“There are many reports circulating, but the FBI deals only in facts,” said Rachel L. Rojas, the FBI’s special agent in charge of the Jacksonville Field Office. “This is still very much an active and ongoing investigation.”

Earlier Friday, two U.S. officials identified the student as a second lieutenant in the Saudi Air Force, and said authorities were investigating whether the attack was terrorism-related. They spoke on condition of anonymity to disclose information that had not yet been made public.

President Donald Trump declined to say whether the shooting was terrorism-related. Trump tweeted his condolences to the families of the victims and noted that he had received a phone call from Saudi King Salman.

He said the king told him that “the Saudi people are greatly angered by the barbaric actions of the shooter, and that this person in no way shape or form represents the feelings of the Saudi people who love the American people.”

The Saudi government offered condolences to the victims and their families and said it would provide “full support” to U.S. authorities investigating the shooting.

“The Ministry of Foreign Affairs affirms that the perpetrator of this horrific attack does not represent the Saudi people whatsoever,” the government said in a statement. “The American people are held in the highest regard by the Saudi people.”

Vice Minister of Defense Khalid bin Salman noted on Twitter that he and many Saudi military personnel have trained on U.S. military bases and gone on to fight `’against terrorism and other threats” alongside American forces. “Today’s tragic event is strongly condemned by everyone in Saudi Arabia,” he said.

DeSantis said Saudi Arabia needed to be held to account for the attack.

“Obviously, the government … needs to make things better for these victims,” he said. “I think they’re going to owe a debt here, given that this was one of their individuals.”

A national security expert from the Heritage Foundation warned against making an immediate link to terrorism.

“If there is some connection to terrorism, well, then, that’s that,” Charles “Cully” Stimson said. “But let’s not assume that because he was a Saudi national in their air force and he murdered our people, that he is a terrorist.”

Stimson said it was also possible that the shooter was “a disgruntled evil individual who was mad because he wasn’t going to get his pilot wings, or he wasn’t getting the qualification ratings that he wanted, or he had a beef with somebody, or there was a girlfriend involved who slighted him.”

Florida U.S. Sen. Rick Scott issued a scathing statement calling the shooting an act of terrorism “whether this individual was motivated by radical Islam or was simply mentally unstable.”

Scott added that it was “clear that we need to take steps to ensure that any and all foreign nationals are scrutinized and vetted extensively before being embedded with our American men and women in uniform.”

U.S. Defense Secretary Mark Esper said in a statement Friday that he was “considering several steps to ensure the security of our military installations and the safety of our service members and their families.” He did not elaborate.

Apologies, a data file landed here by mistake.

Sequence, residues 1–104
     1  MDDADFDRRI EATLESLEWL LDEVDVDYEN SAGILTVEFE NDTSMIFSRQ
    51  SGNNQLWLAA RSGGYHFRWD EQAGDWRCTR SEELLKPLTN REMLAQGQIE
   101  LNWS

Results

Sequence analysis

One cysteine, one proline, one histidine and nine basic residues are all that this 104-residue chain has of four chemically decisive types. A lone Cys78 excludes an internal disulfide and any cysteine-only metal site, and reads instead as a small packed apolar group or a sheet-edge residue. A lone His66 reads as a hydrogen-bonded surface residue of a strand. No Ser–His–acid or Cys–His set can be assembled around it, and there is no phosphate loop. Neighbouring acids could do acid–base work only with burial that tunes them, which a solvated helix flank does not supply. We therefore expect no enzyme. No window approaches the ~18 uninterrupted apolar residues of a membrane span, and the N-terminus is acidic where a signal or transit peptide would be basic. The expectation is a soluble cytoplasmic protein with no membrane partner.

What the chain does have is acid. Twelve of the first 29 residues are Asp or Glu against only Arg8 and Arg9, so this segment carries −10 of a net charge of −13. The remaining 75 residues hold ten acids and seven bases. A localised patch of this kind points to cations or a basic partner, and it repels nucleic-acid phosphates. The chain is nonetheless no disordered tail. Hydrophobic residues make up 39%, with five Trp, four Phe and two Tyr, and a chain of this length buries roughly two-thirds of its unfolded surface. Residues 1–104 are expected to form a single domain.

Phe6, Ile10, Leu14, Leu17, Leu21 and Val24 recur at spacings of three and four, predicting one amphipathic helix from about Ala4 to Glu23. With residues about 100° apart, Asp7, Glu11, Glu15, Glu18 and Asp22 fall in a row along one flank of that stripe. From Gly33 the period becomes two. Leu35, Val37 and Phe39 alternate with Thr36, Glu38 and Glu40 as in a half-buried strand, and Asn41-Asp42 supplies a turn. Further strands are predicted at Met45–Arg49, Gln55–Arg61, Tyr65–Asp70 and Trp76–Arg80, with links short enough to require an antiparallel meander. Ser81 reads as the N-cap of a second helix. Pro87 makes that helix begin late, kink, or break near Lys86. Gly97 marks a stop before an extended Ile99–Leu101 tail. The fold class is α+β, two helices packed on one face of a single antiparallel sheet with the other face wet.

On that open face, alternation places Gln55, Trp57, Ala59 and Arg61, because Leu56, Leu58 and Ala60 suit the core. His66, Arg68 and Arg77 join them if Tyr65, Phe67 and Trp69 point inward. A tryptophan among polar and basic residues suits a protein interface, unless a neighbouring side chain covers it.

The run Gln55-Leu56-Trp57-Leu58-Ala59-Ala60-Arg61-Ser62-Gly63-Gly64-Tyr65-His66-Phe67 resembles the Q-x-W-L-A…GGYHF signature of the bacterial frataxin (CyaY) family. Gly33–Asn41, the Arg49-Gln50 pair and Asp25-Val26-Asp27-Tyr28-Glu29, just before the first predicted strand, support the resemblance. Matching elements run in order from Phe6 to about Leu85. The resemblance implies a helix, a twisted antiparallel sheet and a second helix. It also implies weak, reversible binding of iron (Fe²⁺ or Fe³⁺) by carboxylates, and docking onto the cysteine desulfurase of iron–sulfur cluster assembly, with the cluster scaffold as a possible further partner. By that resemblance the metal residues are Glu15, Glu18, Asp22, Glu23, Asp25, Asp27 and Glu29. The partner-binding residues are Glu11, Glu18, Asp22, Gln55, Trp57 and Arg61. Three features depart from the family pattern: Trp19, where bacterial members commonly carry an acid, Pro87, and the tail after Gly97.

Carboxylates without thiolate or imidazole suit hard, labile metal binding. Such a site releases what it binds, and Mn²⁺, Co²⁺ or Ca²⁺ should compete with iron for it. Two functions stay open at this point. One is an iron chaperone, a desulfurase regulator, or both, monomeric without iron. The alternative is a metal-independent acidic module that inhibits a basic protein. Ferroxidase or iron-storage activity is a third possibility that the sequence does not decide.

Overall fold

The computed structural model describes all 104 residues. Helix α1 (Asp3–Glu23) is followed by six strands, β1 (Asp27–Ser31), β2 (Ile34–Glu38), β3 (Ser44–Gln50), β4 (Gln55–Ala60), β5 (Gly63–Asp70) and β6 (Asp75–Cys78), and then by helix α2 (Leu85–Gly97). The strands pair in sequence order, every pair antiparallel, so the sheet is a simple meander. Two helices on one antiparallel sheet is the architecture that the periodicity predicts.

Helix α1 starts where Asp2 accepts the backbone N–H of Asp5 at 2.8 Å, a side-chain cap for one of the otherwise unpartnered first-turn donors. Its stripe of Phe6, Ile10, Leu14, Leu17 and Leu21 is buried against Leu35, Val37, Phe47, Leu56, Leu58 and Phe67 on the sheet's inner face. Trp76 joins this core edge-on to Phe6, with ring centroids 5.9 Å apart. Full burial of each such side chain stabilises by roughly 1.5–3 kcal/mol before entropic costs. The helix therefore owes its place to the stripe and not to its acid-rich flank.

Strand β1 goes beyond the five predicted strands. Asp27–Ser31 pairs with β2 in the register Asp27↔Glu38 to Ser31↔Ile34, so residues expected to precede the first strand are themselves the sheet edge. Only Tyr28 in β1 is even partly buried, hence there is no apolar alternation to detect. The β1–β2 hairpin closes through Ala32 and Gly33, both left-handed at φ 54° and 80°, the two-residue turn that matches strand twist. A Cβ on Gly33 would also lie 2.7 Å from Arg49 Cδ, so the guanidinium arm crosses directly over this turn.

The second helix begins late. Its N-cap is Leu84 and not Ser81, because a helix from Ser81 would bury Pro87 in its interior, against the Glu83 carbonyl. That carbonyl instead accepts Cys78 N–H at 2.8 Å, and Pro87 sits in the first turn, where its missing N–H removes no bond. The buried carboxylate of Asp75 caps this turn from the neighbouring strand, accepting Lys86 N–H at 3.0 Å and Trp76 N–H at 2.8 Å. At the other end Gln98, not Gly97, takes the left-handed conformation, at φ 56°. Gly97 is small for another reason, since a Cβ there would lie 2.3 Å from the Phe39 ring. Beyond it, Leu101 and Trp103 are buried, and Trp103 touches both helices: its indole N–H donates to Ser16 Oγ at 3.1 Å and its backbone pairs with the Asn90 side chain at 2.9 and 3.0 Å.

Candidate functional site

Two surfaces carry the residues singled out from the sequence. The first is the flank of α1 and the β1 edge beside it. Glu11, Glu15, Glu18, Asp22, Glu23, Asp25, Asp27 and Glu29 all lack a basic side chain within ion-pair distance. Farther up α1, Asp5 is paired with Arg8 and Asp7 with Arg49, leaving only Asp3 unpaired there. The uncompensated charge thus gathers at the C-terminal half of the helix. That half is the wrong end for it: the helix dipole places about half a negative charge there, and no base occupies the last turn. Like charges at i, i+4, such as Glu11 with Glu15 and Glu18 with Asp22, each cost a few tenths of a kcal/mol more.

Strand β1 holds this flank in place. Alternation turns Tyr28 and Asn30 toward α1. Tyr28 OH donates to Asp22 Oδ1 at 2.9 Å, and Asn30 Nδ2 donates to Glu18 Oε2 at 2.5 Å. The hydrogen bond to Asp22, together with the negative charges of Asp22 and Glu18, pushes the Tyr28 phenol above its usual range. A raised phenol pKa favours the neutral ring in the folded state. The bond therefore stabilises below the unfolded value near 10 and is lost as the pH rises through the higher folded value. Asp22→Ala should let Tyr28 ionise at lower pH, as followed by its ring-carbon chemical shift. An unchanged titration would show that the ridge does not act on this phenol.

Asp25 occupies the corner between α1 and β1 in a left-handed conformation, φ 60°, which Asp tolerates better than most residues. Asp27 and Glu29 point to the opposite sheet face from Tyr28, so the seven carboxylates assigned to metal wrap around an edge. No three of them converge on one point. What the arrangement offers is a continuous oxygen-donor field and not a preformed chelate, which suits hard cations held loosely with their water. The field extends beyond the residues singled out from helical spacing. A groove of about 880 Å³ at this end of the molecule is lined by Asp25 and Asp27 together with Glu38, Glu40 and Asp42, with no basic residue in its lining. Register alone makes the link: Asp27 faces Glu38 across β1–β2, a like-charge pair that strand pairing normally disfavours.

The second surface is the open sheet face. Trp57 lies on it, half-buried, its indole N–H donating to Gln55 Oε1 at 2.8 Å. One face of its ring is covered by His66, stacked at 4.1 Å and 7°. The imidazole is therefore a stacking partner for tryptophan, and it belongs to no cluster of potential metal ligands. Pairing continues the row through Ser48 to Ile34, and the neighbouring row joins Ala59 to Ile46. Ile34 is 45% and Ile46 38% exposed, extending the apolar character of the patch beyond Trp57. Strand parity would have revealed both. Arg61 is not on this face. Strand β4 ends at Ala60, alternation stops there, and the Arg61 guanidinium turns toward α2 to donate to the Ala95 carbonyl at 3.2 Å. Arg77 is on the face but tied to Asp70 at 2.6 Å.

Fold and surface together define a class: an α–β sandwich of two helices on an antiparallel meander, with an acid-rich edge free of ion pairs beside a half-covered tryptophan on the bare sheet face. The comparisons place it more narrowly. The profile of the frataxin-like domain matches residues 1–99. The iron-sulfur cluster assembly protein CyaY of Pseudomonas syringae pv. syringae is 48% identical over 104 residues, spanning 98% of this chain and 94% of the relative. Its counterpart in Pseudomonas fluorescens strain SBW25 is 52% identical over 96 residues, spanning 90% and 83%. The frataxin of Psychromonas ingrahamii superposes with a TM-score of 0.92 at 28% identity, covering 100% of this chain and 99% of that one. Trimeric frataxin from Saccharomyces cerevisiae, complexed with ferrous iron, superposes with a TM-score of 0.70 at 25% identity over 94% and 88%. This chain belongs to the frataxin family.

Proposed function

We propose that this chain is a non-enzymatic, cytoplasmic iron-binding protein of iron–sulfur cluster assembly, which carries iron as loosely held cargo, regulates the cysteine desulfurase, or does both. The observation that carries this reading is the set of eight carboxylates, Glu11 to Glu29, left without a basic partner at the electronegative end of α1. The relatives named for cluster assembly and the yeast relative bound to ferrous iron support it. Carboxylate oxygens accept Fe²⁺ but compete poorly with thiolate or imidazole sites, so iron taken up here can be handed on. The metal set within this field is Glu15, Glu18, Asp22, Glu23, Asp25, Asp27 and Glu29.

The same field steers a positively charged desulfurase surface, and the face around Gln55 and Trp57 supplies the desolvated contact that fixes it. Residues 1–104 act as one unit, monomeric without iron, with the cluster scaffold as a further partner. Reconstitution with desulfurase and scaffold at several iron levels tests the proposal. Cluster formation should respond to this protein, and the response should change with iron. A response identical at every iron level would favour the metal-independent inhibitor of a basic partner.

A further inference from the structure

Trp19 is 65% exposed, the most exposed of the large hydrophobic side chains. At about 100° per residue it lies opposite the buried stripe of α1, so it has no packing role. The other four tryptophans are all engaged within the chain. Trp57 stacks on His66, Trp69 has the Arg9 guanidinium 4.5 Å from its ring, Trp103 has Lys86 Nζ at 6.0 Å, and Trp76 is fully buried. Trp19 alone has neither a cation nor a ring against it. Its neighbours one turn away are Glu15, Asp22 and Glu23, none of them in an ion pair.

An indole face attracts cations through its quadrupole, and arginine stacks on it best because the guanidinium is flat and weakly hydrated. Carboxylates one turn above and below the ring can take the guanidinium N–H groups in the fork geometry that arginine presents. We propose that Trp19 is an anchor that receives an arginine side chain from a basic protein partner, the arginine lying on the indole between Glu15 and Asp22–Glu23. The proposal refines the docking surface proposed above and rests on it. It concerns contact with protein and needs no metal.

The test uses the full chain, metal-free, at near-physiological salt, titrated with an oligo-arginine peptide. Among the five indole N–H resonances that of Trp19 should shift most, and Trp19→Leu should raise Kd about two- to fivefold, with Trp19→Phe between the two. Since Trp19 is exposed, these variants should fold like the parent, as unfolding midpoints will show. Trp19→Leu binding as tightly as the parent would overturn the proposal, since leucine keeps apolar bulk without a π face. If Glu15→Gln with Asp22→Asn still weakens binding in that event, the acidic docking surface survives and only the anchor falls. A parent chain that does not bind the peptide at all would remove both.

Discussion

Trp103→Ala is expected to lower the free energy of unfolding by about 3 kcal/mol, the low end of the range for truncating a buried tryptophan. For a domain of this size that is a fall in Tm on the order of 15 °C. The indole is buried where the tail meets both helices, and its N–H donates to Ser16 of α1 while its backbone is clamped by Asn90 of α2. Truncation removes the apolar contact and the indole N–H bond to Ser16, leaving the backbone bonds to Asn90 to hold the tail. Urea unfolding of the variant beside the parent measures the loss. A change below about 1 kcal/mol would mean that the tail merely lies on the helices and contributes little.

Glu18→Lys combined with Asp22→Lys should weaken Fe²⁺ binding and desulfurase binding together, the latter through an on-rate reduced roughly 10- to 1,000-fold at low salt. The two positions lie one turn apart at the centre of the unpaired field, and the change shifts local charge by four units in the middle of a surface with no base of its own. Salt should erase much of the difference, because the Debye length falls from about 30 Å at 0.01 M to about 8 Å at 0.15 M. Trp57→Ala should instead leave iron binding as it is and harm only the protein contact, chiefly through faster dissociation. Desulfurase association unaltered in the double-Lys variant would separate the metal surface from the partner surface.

The U.S. has long had a robust training program for Saudis, providing assistance in the U.S. and in the kingdom. The shooting, however, shined a spotlight on the two countries’ sometimes rocky relationship.

The kingdom is still trying to recover from the killing last year of Washington Post columnist Jamal Khashoggi at the Saudi Consulate in Istanbul. Saudi intelligence officials and a forensic doctor killed and dismembered Khashoggi on Oct. 2, 2018, just as his fiancee waited outside the diplomatic mission.

One of the Navy’s most historic and storied bases, Naval Air Station Pensacola sprawls along the waterfront southwest of the city’s downtown and dominates the economy of the surrounding area.

Part of the base resembles a college campus, with buildings where 60,000 members of the Navy, Marines, Air Force and Coast Guard train each year in multiple fields of aviation. A couple hundred students from countries outside the U.S. are also enrolled in training, said Base commander Capt. Tim Kinsella.

The base is also home to the Blue Angels flight demonstration team, and includes the National Naval Aviation Museum, a popular regional tourist attraction.

Lucy Samford, 31, said her husband, a Navy reservist and civilian worker on the base, was about 500 yards (0.46 kilometers) from where the shooting happened. She said she got a call from him a little after 7 a.m. and “one of the first things out of his mouth was, ‘I love you. Tell the kids I love them. I just want you to know there’s an active shooter on base.'”

Her husband, whom she declined to identify, later told her he was OK.

All of the shooting took place in one classroom and the shooter used a handgun, authorities said. Weapons are not allowed on the base, which Kinsella said would remain closed until further notice.

The shooting is the second at a U.S. naval base this week. A sailor whose submarine was docked at Pearl Harbor, Hawaii, opened fire on three civilian employees Wednesday, killing two before taking his own life.


Company: cnbc, Activity: cnbc, Date: 2019-12-07
Keywords: news, cnbc, companies, killing, naval, opens, base, student, air, shooting, saudi, florida, military, shooter, investigating, fbi, aviation